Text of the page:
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Asian Tribune is published by World Institute For Asian Studies|Powered by WIAS Vol. 12 No. 2038

Brazil launches first regional tobacco industry observatory

By Manjari Peiris

Brazil which has long been a leader in tobacco control, this month launched the first of five planned regional centres that will collect and share information about tobacco industry strategies to undermine tobacco control.

Known as an online observatory, the centre is a partnership of the Government of Brazil and the International Union Against Tuberculosis and Lung Disease (The Union), a member of Framework Convention Alliance (FCA). It features an online database that will be available to governments, civil society stakeholders, academic researchers and the public.

The observatory was developed and will be managed by the Centre for Studies on Tobacco and Health (CETAB) at the Oswaldo Cruz Foundation, known as Fiocruz, a renowned health research agency linked to Brazil's Ministry of Health.

“The observatory will collect and analyze documents and virtual data (scientific publications, government and NGO reports, etc.) on tobacco industry strategies in Brazil and the region,” said Cristiane Vianna, The Union’s technical advisor for tobacco control in Brazil. “It will also produce and disseminate information to government officials, legislators and decision makers in general.”

The project to create industry monitoring centers in the five BRICS countries (Brazil, Russia, India, China and South Africa), was initiated by the Secretariat of the WHO Framework Convention on Tobacco Control (FCTC) following the sixth meeting of the FCTC Conference of the Parties. The Conference of Parties (COP) 6 adopted a decision to further promote the implementation of FCTC Article 5.3, especially in relation to industry efforts to undermine tobacco control efforts internationally.

The BRICS countries that are home to more than 40 percent of the world population have made important advances in implementation of WHO-FCTC, to which all of them are Parties. On the other hand, the tobacco industry is present in all of them, and makes efforts to influence decision making. This fact underpins the need to strengthen implementation of Article 5.3 of the Convention, and the establishment of tobacco industry monitoring centers will certainly contribute to this aim.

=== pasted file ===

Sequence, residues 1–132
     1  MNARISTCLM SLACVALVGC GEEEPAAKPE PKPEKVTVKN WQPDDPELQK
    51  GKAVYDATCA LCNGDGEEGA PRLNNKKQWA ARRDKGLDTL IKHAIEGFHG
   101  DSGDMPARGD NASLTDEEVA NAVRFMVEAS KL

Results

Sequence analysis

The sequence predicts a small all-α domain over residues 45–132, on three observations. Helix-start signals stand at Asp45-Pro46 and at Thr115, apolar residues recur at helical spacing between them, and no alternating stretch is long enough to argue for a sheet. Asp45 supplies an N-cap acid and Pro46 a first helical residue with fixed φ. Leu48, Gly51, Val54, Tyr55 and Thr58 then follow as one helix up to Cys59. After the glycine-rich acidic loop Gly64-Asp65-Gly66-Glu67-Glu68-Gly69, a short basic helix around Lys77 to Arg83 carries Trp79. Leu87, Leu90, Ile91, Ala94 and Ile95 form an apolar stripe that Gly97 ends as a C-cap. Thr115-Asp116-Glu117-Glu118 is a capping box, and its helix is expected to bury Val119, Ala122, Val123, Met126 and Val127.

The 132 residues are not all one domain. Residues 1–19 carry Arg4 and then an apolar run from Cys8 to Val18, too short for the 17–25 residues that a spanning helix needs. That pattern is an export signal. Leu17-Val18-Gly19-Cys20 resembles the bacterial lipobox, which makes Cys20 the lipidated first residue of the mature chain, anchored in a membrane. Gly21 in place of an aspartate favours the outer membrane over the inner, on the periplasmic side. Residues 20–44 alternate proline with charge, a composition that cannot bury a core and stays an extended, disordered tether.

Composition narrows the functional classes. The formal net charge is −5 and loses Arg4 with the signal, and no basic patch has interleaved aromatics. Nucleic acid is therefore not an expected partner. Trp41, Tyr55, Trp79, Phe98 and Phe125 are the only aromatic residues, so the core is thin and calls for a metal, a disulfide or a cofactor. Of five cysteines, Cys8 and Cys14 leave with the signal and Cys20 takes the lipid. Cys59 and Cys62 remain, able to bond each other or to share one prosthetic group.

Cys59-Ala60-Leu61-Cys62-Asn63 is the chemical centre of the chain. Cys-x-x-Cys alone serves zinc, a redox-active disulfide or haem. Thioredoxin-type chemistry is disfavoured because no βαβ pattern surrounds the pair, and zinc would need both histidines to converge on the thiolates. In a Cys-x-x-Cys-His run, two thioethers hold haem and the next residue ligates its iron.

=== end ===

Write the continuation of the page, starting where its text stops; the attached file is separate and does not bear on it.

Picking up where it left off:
In 2012 Brazil became the first country to ban all flavours and additives in tobacco products. However the tobacco industry challenged that measure and it was suspended by the Supreme Court in 2013.

“The launch is not necessarily linked with the court challenge to the additives ban,” said Cristiane. “However, the observatory should be of use in that case as well.”

Another BRICS observatory is being set up now in South Africa, while Sri Lanka has taken the initiative to create one also, according to the FCTC Secretariat’s website.

The establishment of the tobacco industry monitoring centers or observations will address the lack of discerning understanding of current and future approaches of the tobacco industry, the way it attempts to or interferes with public health policy development, and shall inform governments and policy makers with a view to prevent such interference.

Source of information: Framework Convention Alliance (FCA) www.frameoworkconventionalliance.org

- Asian Tribune -

Brazil launches first regional tobacco industry observatory
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